Last week, Erica wrote about her new crush the Roku, which lets you watch movies from your computer on the TV – read about it! This week, she’s saving her precious photos and files in the cloud. What’s the cloud? Read on…
“There are two kinds of computer users – those who have lost critical data and those who are about to,” my techie friend Toni told me disdainfully a few years ago when I told her I never backed up my computer.
You know market crashes – now let me tell you about computer crashes
I must like to live dangerously, because I’d heard more than my share of horror stories about hard drive crashes. The worst was from Arlene, an elderly writer friend who lost years of work when her son, a web designer who supposedly knew what he was doing, transferred all of her stuff from her old computer to her new one without backing up first – a classic case of overconfidence. She was ready to either kill herself, kill him, or both, until she found a firm that specializes in recovering what you’ve lost during a crash. She sent them the old hard drive and they restored everything for a mere $2,000. That’s what it costs when you really screw up.
If you have a lot of photos or emails you like to keep, or anything else you wouldn’t want to lose, then you don’t want to experience a hard drive crash without a backup.
It’s not like I hadn’t tried backing up – I had the best of intentions, I just kept forgetting. People said I should buy an external hard drive, plug it in and copy everything to it, but I knew I’d forget to do that too. Plus, what if there was a fire and I lost the computer and the external drive? What then? Since there were no guarantees, why bother to back up?
The answer is in “the cloud”
When I discovered the concept of a “cloud” storage service, also known as the lazy computer user’s solution to backing up, I knew I could finally get a good night’s sleep. The “cloud” simply refers to the internet. My precious photos and files are out there in cyberspace on computers, or “servers,” that are much larger than mine and hold a lot of data from a lot of different people’s computers. Theoretically they could crash too, but then the world could end tomorrow. I trust that they won’t and you should too.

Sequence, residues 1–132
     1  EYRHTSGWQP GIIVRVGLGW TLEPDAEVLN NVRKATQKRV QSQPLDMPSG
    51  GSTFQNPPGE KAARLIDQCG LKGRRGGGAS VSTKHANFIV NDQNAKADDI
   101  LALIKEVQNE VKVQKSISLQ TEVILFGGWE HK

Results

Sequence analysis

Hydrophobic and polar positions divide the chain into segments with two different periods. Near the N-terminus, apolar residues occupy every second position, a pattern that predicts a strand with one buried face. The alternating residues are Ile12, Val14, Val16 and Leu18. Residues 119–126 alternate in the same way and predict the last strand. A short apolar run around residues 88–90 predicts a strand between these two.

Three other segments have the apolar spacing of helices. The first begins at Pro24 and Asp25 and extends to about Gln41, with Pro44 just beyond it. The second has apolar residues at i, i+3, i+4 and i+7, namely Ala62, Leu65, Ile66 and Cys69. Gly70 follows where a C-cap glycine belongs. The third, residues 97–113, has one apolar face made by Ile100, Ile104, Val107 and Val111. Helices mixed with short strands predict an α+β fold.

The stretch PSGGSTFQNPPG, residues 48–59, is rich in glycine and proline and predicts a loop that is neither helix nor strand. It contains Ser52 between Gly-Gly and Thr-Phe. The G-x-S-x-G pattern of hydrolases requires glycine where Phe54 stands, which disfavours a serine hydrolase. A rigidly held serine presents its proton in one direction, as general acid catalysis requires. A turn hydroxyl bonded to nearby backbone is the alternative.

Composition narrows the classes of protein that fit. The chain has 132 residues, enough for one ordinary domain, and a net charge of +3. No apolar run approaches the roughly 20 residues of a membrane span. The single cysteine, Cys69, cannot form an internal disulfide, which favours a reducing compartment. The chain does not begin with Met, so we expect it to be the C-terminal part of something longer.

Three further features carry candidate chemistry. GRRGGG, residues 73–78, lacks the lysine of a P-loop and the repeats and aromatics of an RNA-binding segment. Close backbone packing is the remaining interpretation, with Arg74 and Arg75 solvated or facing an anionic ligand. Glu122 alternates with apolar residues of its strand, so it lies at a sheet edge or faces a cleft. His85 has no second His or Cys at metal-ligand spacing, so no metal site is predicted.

There are many different “cloud” storage solutions, but Dropbox is my favorite. Or at least it’s the one I know how to use. It’s easy and “syncs” my files on all my drives – so if I put a photo in Dropbox on my computer, I can access it from Dropbox on my tablet, wherever I am.
Here’s how it works. You go to the Dropbox site and download the Dropbox software onto all the computers you use, as well as downloading the app to your smartphone or tablet. Then you go to the start menu and open Windows Explorer (not Internet Explorer, which is an Internet browser like Firefox. Blame Bill Gates for coming up with such a confusing system where there are two different Explorers. Windows Explorer lets you copy, move, rename, and search for files and folders.)
Once you’ve downloaded Dropbox and created an account (simple) you just drag and drop all the files you want to back up right into your Dropbox, where they will be saved, both on Dropbox.com and on your computer. From then on, as you update those files, Dropbox will be silently – sneakily some might say – saving your updates in the background.
This article is being saved to Dropbox as I write it. If I want to keep working on it in my bedroom on my netbook, I just open that computer, connect to the Internet through my WiFi, and voila! There it is. If I want to work on it at the library on their computers, I can go to Dropbox.com there and work on it on the website.
Dropbox for sharing – plus…
Dropbox has other perks, like file sharing. If you want to share photos or other files, just give your friend your Dropbox password. It also solves the annoying problem of how to transfer photos from your old phone to your new one. Use their camera upload feature by following the (relatively easy) directions on the Dropbox site. (All directions are relatively easy until you try to follow them.)
You can put photos, folders, files, graphics, just about anything into your Dropbox all for free up to 2 gigabytes of data, which is a lot. I haven’t reached 2 gigs yet, and I’ve used Dropbox for about five years – but I don’t take a lot of pictures. If you’re constantly uploading photos to your computer, it will fill up fast and you’ll have to upgrade; $9.99 per month will get you pretty much unlimited storage.
If you want phone support
The only thing I really don’t like about Dropbox is the lack of phone support we seniors rely on in a pinch.
There are other backup services with phone support. Carbonite, which many of my writer friends swear by, is $59 per year for unlimited data storage plus it backs up your entire hard drive (called mirror imaging) – but it doesn’t automatically sync your files to all your computers, tablets and phones. If you rely on one computer (and especially if you have a lot of photos) it might be the right backup service for you. Or you could go for the newer SugarSync, which is recommended by PC World. It does the same thing as Dropbox but gives you 3 more gigs free, phone support if you pay extra, plus other bells and whistles.
There are many others, but I’m not even going there.
Why do I stick with Dropbox? It’s the most reliable since it’s been around so long but, more important, learning another program means another anxiety attack.
Hey, if it ain’t broke I’m not fixing it.
What aspects of technology mystify you and what do you want to learn more about. Erica will explain in future columns.